Letters

Letters 07-25-2016

Remember Bush-Cheney Does anyone remember George W. Bush and Dick Cheney? They were president and vice president a mere eight years ago. Does anyone out there remember the way things were at the end of their duo? It was terrible...

Mass Shootings And Gun Control The largest mass shooting in U.S. history occurred December 29,1890, when 297 Sioux Indians at Wounded Knee in South Dakota were murdered by federal agents and members of the 7th Cavalry who had come to confiscate their firearms “for their own safety and protection.” The slaughter began after the majority of the Sioux had peacefully turned in their firearms...

Families Need Representation When one party dominates the Michigan administration and legislature, half of Michigan families are not represented on the important issues that face our state. When a policy affects the non-voting K-12 students, they too are left out, especially when it comes to graduation requirements...

Raise The Minimum Wage I wanted to offer a different perspective on the issue of raising the minimum wage. The argument that raising the minimum wage will result in job loss is a bogus scare tactic. The need for labor will not change, just the cost of it, which will be passed on to the consumer, as it always has...

Make Cherryland Respect Renewable Cherryland Electric is about to change their net metering policy. In a nutshell, they want to buy the electricity from those of us who produce clean renewable electric at a rate far below the rate they buy electricity from other sources. They believe very few people have an interest in renewable energy...

Settled Science Climate change science is based on the accumulated evidence gained from studying the greenhouse effect for 200 years. The greenhouse effect keeps our planet 50 degrees warmer due to heat-trapping gases in our atmosphere. Basic principles of physics and chemistry dictate that Earth will warm as concentrations of greenhouse gases increase...

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4Play

Kristi Kates - July 28th, 2005
The Foos’ went from their original idea of an acoustic album to this, a double-disc that exercises both the Foos’ heavy-punk ambitions and their quieter abilities. Yet another foomination - er, rumination - mostly on relationships, Foo leader Dave Grohl still stays behind his wall, only peeking his head around lyrically to give a few scant glimpses into how he really thinks about things.  There are some solid songs here, but they’re mostly on the acoustic disc - the headbangin’ disc gives the impression that the band was a little too concerned about giving off the impression of rockin’ hard to actually cut loose and do so.  This latest Foo effort offers up a few solid tracks - but the Foos might’ve been better off if they’d concentrated on one collection of quality songs, instead of spreading themselves too thin.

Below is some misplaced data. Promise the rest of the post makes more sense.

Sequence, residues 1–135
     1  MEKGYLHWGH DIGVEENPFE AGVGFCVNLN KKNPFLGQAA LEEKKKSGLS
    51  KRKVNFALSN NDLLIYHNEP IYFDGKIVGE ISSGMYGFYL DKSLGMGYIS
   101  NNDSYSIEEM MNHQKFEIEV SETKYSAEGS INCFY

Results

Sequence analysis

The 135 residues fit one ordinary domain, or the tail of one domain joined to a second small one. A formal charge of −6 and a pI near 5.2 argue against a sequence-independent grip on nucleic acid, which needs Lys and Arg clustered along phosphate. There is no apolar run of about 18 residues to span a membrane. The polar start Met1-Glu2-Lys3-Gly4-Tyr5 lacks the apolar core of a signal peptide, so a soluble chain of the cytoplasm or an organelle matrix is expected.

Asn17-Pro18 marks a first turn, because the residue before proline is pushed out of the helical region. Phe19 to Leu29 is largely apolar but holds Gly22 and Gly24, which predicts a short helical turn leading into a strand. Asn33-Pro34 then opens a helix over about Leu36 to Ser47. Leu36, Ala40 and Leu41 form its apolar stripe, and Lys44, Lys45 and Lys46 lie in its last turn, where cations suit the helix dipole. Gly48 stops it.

Bryan Adams - Room Service - Mercury

Canadian pop-rocker Bryan Adams used to be a big deal in the early ‘90s.  Heck, he’s still a big deal in Europe, much like David Hasselhoff.  But although this album’s concept is pretty cool - Adams reportedly recorded the 11 tracks of Room Service in various hotel rooms while on tour in Europe, hence the title - it doesn’t live up to its own hype.  His raspy, urgent voice still sounds pretty decent, given the genre, but the songs themselves are awfully generic, suggesting that Adams might end up playing fairground bills instead of arena rock shows. There are a couple of songs that you might want to snag as singles, if you’re a fan of that back-to-basics heartland rock formula (namely “This Side of Paradise” and “East Side Story”), but overall, it’s quite lukewarm - average, even - in both its songs and presentation.


Screaming Trees - Ocean of Confusion - Songs of Screaming Trees 1990-1996 - Sony Music

Screaming Trees, although they did have one radio hit with the uber-hooky “Nearly Lost You” (which also appeared on the soundtrack for the slice-of-Seattle-life flick Singles), never quite hit the stride that fellow Seattle-ites like Soundgarden and Alice in Chains did.  And that’s really a shame - which is something you’ll discover when you take a listen to some of their back catalog as revealed on this disc.  More experimental and psychedelic ‘60s than the bulk of the grunge bands that came out of their hometown, it rocks hard but still manages to showcase some gothic-meets-grunge lyricism and the gutteral, expressive vocals of bandleader Mark Lanegan.  Old-school Screaming Trees will find this a must have, while grunge fans in general will want to add this to their collection, even if they’re new to this Seattle band who are still rocking under the radar.


Backstreet Boys - Never Gone - Jive Records

The first BSB album in over five years from the Orlando, Florida boy band, now more men than boys, the group seems a little lost on this effort, and with good reason, since boy bands are finally out of vogue for the most part.  It’s somewhat admirable that they’re attempting to stage a comeback - well, maybe gutsy is a better word - but they didn’t strike out far enough from their original sound to make any kind of real impact.  They’re still not writing much of their own music, which probably contributes to their somewhat superficial sound - the harmonies are there, granted, but there isn’t much of a foundation to support the Boys’ vocals.  It’s not completely horrible - they do have a good production team behind them, and again, they’re trying and all - it’s just that the results aren’t really much of anything.




 
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